There are several other variations of that consonant within different dialects. Some pronounce it as (th), some pronounce is as a J sound (known as a post-alveolar consonant). The TH form is a labiodental consonant because the tongue touches both the teeth and the lips.

  • 1
    th is not labiodental, but interdental (you stick your tongue between your teeth, and because of that you also touch your lips with it). A labiodental is a consonant where the bottom lip touches the upper teeth, such as f.
    – Gorpik
    Aug 20, 2014 at 12:03
  • Otherwise known as a fricative. Ok thanks
    – dockeryZ
    Aug 20, 2014 at 20:52
  • Well, fricative refers to the articulation mode, not the articulation place. f is both a labiodental and a fricative (also voiceless, if you want to be comprehensive).
    – Gorpik
    Sep 1, 2014 at 8:37

I think that the standard Spanish d is the same as the standard Spanish t, but with d being voiced, while t is voiceless.

That is, in both phonemes the tip of the tongue is pressed to the back of the upper teeth, but pointing slightly down. Maybe the part of the tongue just next to the tip is just[touching the alveolar ridge. It is actually a denti-alveolar consonant. Sometimes the tongue does not actually touch the teeth, so the consontant is not totally oclusive (approximant consonant).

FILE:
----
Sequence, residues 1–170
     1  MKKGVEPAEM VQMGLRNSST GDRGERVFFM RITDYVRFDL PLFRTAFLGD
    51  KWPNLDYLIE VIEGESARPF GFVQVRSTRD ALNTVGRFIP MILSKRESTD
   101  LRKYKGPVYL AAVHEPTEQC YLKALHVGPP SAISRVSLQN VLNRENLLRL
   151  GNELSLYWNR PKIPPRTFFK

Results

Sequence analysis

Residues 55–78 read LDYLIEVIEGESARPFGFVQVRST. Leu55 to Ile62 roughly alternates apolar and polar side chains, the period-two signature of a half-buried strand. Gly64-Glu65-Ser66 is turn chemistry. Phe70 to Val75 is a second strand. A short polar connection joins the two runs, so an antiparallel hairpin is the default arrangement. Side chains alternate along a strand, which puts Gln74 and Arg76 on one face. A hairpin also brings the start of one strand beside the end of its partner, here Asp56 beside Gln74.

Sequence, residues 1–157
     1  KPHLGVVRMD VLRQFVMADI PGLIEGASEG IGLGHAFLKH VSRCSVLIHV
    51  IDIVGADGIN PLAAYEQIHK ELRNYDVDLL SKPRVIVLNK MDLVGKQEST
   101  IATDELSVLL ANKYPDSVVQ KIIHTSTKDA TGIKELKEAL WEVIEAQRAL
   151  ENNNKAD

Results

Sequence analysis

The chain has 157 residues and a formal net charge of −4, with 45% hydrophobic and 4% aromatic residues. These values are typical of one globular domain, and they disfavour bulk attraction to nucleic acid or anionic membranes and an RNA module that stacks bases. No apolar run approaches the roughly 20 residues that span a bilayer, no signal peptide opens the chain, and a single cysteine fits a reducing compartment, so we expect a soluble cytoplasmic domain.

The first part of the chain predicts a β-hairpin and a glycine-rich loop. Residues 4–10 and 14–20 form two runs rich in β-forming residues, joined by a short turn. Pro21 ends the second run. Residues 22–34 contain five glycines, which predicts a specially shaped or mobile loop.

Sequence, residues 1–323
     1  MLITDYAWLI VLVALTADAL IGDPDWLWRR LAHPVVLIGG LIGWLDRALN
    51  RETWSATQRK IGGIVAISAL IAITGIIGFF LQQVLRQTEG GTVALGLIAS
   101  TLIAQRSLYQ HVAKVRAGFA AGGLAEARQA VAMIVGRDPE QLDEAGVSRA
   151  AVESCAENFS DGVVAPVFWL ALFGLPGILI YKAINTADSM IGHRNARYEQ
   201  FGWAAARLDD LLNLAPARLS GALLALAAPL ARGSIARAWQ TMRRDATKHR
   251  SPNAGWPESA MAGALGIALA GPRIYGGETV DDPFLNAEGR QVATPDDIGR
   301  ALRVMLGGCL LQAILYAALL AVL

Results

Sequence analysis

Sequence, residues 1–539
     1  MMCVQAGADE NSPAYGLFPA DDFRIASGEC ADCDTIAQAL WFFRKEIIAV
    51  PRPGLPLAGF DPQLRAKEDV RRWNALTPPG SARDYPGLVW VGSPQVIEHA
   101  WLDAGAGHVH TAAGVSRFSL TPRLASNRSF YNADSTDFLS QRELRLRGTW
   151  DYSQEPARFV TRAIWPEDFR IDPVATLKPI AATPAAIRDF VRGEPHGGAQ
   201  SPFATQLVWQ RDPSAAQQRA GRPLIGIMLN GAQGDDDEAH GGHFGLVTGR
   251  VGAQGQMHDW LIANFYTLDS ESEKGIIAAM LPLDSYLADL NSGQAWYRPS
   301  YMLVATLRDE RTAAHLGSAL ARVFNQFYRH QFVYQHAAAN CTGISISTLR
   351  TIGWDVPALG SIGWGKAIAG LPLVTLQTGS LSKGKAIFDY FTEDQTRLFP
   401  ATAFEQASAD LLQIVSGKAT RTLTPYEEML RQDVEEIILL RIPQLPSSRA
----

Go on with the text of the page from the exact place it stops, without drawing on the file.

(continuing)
If you put the tongue between the upper and lower teeth you will get a sound more like /z/ instead of /d/. That is usual and somewhat accepted for a d at the end of a word, such as in "Madrid" or "id" (imperative of "ir"), but not for other places.

In relaxed speech, particularly in intervocalic positions, the d sound is sometimes relaxed. This is done by keeping a gap between the tongue and the teeth (not lower the tongue) and preventing the stop of the air flow.

In extreme cases the d may even disappear, such as in "estoy cansa(d)o".

Note that the t sound cannot be relaxed this way, maybe because it is voiceless.

  • i once heard an argentino prouncing 'd' pair sounds, and i feel that it should be between english 'd' and 'th'. and he taught me put the tip of my tongue between the teeth.
    – lampe
    Aug 20, 2014 at 5:30
  • @lampe: There are a lot of variations in Spanish pronunciations, it depends on location, background and personal preferences. Anyway, I don't think that interdental 'd' is very frequent, so you are probably better avoiding it.
    – rodrigo
    Aug 20, 2014 at 9:32
  • :my teacher taught me the same way of pronouncing 'd' as you told me.however,after some training i find that making the neck virbate is harder in the constant talk while put the tip of tounge between teeth would be easier,the final destination is the make 'd' sound softer, is it right?
    – lampe
    Aug 21, 2014 at 2:57
  • @lampe: Producing new voiced consontants may be challenging (I know, I have difficulties with the English voiced 's'). The question is "why". If you want to soften your 'd' to sound less alien, then changing it into an voiced interdental is not the solution, as it will sound even more alien. Note that the hard 'd' does appear in Spanish, at the beginning of a phrase, for example. But the voiced interdental is unheard of.
    – rodrigo
    Aug 21, 2014 at 10:33

Not the answer you're looking for? Browse other questions tagged or ask your own question.